“Conventional” Lessons in Virtual Event Programming: Observations from the 2020 Democratic and Republican National Conventions

August 31, 2020

There are some useful lessons emerging from the Democratic and Republican National Conventions about what’s working, and what’s not, in virtual event programming.

Like America’s major political parties, companies all over the world are grappling with how to re-engineer a live event, especially one that has strategic importance to their business. Regardless of who the target audience may be—a global sales team, a large customer base, or even voters in a general election—intentions get lost if you don’t keep the audience engaged.

But it can be done. The conventions—even without the live audience and traditional pageantry—still present a unique programming and storytelling opportunity. The challenge lies in creatively leveraging an event to its full potential.

Bouncing around from speaker to speaker in isolated settings, in the virtual videoconferencing manner that we’ve becoming woefully accustomed to, can only engage an audience’s attention for so long. Layer in multiple hours of programming like this each night and it becomes increasingly difficult.

“Without actual people present, everything changes,” said Erik Smith, who was creative director for the last three Democratic conventions. He told RCP that losing the crowd could mean “your presentation might lack some excitement, energy, enthusiasm” and that a virtual event with speakers across the country means “more things could go wrong.”

So, how do you avoid “losing the crowd” in a virtual event?

Technical mishaps certainly don’t help, nor do a host of other things that could go wrong during a live broadcast. But perhaps even more damaging than the unexpected is the expected. In the case of the virtual conventions, the expected is a successive array of scripted speeches at varying lengths, straight-to-camera, with few surprises and not enough drama.

Smith suggested that a documentary-style campaign film could have more appeal to most viewers, without the risks associated with a live broadcast—“something that would look like the 30-minute infomercial we did for the Obama campaign.” That spot, RCP notes, aired nationally in 2008 and earned higher ratings than that year’s World Series finale.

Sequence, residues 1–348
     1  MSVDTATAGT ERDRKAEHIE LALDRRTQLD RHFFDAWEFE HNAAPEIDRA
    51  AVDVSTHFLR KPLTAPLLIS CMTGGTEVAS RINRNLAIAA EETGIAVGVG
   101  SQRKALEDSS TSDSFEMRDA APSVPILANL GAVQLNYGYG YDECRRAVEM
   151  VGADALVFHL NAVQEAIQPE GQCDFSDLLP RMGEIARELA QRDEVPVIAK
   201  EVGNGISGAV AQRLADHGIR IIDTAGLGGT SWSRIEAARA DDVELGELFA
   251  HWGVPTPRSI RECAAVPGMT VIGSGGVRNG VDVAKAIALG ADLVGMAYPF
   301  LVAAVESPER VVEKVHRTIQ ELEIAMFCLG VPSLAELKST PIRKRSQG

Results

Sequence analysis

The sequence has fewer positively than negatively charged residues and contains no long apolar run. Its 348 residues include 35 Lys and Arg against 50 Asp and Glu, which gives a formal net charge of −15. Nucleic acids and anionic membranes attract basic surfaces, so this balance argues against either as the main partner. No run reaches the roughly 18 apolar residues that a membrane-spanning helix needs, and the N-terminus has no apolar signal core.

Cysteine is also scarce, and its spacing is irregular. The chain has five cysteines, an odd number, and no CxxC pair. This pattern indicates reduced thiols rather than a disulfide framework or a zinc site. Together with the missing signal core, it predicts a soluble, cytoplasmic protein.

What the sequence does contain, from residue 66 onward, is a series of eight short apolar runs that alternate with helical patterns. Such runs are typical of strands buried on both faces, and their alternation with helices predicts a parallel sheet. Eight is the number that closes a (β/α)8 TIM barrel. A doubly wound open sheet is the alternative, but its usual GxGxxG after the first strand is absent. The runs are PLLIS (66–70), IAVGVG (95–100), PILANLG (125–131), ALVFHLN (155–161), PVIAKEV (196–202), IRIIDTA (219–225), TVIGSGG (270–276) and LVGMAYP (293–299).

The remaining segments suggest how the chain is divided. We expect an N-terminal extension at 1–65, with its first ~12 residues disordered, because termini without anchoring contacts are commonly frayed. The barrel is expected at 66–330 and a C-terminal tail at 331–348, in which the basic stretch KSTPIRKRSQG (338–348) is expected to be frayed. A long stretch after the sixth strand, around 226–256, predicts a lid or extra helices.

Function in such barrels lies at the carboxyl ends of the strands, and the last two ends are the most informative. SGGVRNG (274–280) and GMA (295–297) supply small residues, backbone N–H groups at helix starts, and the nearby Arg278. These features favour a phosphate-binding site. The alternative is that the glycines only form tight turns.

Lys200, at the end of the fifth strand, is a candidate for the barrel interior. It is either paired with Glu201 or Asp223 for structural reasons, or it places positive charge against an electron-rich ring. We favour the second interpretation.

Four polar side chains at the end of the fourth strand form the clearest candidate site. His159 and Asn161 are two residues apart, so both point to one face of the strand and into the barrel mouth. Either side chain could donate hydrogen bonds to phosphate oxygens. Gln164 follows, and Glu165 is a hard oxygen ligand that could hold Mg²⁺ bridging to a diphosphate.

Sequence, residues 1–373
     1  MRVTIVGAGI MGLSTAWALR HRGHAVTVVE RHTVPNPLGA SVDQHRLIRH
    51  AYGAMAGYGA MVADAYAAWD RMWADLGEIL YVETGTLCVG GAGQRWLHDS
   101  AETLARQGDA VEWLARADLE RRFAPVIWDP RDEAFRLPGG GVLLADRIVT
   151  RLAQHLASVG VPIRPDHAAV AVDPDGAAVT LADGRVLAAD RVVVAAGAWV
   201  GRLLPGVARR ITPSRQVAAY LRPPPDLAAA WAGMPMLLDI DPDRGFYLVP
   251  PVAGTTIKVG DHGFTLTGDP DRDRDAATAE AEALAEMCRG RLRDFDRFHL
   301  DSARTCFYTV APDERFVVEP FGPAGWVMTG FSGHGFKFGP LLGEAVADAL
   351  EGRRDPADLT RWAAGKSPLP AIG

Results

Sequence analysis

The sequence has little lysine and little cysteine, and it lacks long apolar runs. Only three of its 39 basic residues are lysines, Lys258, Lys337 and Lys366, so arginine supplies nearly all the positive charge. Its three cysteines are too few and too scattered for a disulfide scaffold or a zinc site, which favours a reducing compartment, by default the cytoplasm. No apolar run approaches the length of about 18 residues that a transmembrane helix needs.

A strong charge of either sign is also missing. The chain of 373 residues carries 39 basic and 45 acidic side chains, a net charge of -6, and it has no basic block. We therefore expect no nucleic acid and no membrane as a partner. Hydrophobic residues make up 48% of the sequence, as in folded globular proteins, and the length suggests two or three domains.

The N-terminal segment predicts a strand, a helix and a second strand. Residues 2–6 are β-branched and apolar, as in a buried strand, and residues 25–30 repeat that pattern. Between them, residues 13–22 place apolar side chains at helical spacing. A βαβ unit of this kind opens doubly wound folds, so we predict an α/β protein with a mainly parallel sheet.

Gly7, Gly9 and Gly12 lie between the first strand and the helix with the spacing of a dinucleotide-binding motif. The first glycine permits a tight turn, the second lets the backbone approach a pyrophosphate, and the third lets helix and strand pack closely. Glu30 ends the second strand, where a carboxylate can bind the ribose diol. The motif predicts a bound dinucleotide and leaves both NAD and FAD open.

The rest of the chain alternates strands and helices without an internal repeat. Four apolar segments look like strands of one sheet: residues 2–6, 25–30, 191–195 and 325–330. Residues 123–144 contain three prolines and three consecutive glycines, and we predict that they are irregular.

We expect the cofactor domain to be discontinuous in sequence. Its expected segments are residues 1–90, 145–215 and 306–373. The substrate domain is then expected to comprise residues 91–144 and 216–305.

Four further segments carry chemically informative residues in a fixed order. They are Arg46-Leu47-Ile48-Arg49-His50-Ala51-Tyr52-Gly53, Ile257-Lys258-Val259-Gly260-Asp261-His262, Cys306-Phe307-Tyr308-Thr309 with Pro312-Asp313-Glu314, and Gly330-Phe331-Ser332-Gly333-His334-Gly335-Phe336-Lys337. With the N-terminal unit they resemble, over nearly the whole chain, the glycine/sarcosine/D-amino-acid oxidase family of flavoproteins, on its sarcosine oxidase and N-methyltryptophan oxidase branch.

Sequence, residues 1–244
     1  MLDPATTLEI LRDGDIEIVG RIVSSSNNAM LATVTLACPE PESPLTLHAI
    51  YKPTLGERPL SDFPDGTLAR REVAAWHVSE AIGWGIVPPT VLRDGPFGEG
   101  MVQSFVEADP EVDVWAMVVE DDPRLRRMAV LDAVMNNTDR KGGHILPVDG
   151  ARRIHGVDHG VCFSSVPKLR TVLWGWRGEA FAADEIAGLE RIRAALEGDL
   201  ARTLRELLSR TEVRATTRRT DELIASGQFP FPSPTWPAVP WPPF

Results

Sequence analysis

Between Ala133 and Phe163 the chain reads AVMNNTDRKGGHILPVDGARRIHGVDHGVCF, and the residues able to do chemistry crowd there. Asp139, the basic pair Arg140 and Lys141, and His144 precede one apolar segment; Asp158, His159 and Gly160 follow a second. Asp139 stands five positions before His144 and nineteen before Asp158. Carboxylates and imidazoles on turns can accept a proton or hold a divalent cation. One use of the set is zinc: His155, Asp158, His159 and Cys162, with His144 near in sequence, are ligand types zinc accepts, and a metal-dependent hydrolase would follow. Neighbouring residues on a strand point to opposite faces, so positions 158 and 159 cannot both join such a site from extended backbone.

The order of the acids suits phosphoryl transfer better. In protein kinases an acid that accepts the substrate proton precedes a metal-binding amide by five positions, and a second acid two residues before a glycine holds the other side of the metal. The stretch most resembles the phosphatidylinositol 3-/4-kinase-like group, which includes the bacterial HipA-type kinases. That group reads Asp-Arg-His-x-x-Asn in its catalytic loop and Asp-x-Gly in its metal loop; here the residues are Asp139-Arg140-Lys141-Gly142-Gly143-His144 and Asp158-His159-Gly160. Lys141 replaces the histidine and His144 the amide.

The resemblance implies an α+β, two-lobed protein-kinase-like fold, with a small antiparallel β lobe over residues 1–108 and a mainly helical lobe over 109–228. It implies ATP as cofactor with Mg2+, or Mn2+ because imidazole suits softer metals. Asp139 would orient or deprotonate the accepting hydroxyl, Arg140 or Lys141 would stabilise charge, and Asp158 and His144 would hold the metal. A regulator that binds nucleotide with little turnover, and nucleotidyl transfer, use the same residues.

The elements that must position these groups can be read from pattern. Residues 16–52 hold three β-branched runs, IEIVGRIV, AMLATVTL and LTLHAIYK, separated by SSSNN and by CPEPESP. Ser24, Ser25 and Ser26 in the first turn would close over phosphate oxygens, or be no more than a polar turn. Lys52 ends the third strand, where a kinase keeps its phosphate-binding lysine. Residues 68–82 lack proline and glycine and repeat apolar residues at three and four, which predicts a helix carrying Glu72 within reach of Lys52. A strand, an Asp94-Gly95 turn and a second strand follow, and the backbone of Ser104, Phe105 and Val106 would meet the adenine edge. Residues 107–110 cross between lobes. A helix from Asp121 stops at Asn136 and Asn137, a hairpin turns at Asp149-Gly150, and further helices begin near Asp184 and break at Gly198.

I went back and watched the Obama campaign film and agree. It’s much more aligned with the kind of presentation and storytelling technique that (especially younger) voters are consuming on streaming services like Netflix. It’s a testament to the virtue of documentary programming with evocative, authentic, enduring narratives. If you only watch one excerpt, watch this one:


As the 2020 conventions progressed, shorter pre-produced films were interspersed throughout the broadcast. The Democratic National Convention, for instance, featured a moving tribute to the late John Lewis.

Tribute films and documentary-oriented stories were also prominently featured during the broadcast of the Republican National Convention. One notable example was the story of Jon Ponder, an ex-felon-turned-advocate who founded Hope For Prisoners. His personal narrative of transformation was dramatically told within the confines of a short film, followed by a presidential pardon. While some critics have questioned the motivation and timing, the tactical use of video to deliver a persuasive and engaging character-based story was evident.


And while the Obama campaign film in 2008 actually premiered after the convention, the clip emphasizes how pre-produced stories and films about real people, visually woven together by relevant testimonies of personal experience, can captivate a viewer’s heart and mind like few speeches—particularly without a live audience—can.

It’s not a meeting. It’s a broadcast.

An APCO-produced brand film, “The Blessing of Water”, commissioned by Suntory, was broadcast at the WEF Annual Meeting in Davos in 2019.

Brands planning virtual event programs, take note: the medium is still a big part of the message. Rather than overly rely on speakers or panel discussions to carry the full program, think of it as a broadcast event, with the ability to infuse a range of pre-recorded storytelling devices—documentary being just one—to surprise, enlighten, and move your audience.

At APCO, our brand programming team helps clients orchestrate their event content with these motivations in mind. Pre-packaged stories and experiences are intentionally curated, produced, and embedded in the show’s rundown to keep the audience engaged. We collaborate with our clients to uncover persuasive narratives, often spotlighting real people, that are captivating and purpose-driven.

In the virtual programming world, pre-recorded segments give the broadcast more vitality and momentum. They also provide event organizers with more creative flexibility and control in how content gets presented, removing some the inherent risks with live-streaming. And with that control, along with some advance planning and budgeting, you’re able to be much more ambitious as a persuasive storyteller. Even in the era of social distancing, there are ways to tell endearing, illuminating, and connective stories that transcend what’s expected.

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